William Seward: The First Methodist Martyr

SEWARD1Jesus said in Matthew 10:39, “Whoever finds his life will lose it, and whoever loses his life for my sake will find it.”  A man named William Seward lived from 1702-1740.  He died at the age of 38 from unnatural causes in October of 1740.  Here is a brief account of Seward’s life and death:

Born at Badsey [England] in 1702, William went to London as a young man and there he acquired considerable wealth as a successful business man; he also enjoyed a reputation as a generous benefactor of the poor… [He bestowed Badsey Church with many expensive tangible gifts].

In 1738, William met the Reverend Charles Wesley and soon became closely involved with the evangelistic campaigns of the early Methodists.  One of the group, George Whitefield, wrote in his diary in April 1739, “went to Badsey and preached in Mr. Seward’s brother’s yard.”  In all, Whitefield preached at Badsey on three consecutive days, on the third occasion to “a weeping audience.”

In 1740, following his return from a trip to America, William Seward commenced open-air preaching on his own account. He encountered hostile crowds in South Wales and then at Hay-on-Wye [which is on the Welsh side of the Welsh/English border] in October he was heavily stoned by a particularly aggressive mob and a few days later died from his wounds, thus becoming the first Methodist martyr. He is buried near Hay, in the village churchyard at Cusop. The church there has a memorial tablet, which was dedicated in August 1978, 238 years after Seward’s death.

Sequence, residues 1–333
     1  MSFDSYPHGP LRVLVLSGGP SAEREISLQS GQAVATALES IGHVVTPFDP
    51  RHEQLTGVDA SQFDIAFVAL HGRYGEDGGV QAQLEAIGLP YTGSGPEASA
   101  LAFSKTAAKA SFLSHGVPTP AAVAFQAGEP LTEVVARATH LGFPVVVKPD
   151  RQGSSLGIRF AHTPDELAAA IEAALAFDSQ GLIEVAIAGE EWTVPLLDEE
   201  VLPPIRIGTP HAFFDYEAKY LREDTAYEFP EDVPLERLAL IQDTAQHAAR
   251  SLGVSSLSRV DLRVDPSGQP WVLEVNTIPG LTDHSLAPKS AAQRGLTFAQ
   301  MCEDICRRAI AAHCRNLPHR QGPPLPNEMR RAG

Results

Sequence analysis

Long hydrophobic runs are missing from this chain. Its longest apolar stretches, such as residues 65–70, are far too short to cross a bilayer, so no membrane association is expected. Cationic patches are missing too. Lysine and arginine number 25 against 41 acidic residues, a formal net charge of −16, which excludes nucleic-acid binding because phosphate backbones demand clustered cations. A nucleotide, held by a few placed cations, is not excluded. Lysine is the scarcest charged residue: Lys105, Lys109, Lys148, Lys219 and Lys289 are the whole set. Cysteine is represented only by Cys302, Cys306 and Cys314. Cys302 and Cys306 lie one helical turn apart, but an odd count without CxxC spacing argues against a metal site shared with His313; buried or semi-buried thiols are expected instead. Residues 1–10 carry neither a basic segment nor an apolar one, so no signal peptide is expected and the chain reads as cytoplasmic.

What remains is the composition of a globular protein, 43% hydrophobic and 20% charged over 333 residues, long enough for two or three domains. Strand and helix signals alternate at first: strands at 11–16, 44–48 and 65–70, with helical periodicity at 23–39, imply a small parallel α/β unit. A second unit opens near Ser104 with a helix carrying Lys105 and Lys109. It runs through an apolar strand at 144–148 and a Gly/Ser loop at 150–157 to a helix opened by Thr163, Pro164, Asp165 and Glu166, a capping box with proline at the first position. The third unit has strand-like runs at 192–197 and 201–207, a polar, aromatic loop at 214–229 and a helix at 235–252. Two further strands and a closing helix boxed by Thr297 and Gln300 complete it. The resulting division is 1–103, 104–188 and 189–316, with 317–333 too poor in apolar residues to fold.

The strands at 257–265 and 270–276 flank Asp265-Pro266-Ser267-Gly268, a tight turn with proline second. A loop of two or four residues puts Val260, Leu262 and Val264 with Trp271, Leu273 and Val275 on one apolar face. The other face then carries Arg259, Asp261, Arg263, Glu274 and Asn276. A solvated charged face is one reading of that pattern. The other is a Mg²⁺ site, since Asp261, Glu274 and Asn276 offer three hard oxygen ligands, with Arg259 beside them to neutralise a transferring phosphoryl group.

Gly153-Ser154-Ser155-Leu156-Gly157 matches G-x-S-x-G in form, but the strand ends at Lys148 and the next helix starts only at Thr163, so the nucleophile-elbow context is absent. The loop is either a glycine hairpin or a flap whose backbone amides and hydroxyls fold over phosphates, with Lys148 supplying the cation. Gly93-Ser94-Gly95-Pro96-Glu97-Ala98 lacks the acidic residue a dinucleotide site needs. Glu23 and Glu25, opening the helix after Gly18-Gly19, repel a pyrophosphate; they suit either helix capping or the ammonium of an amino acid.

(Terry Sparrow, A Brief History of Badsey and Aldington).

Seward is known as the first Methodist martyr.  Every indication is that Seward was a man who was faithful up to and including death for the sake of Christ.  In light of the persecution that the early Methodist revival encountered, Charles Wesley devoted his time to writing a series of hymns for “times of trouble and persecution.”  In the section “Hymns in Times of Persecution,” hymn #15 is titled, “A Prayer for the First Martyr,” likely written with William Seward in mind (Hymns for Times of Trouble and Persecution, 40, n. 20).  Wesley wanted to contribute hymns to prepare Christians for the persecution they would likely face in his time.  Wesley writes,

While in affliction’s furnace,
And passing through the fire,
Thy love we praise, which knows our days,
And ever brings us nigher.
We clap our hands exulting
In Thine almighty favor;
The love divine which made us Thine
Shall keep us Thine forever.
(Charles Wesley, “Head of Thy Church Triumphant,” 1745)

We need Wesley’s eloquent reminder.  Wesley’s poetic expression echoes the exhortations of the Risen Christ to the church in Smyrna, “Do not fear what you are about to suffer. Behold, the devil is about to throw some of you into prison, that you may be tested, and for ten days you will have tribulation. Be faithful unto death, and I will give you the crown of life” (Revelation 2:10, ESV).  The risk-filled gospel requires much of us if we give ourselves to the task of being witnesses for Christ.  Even so we must press on with the words of Christ: “Do not fear” and “be faithful unto death.”


The Gospel in Song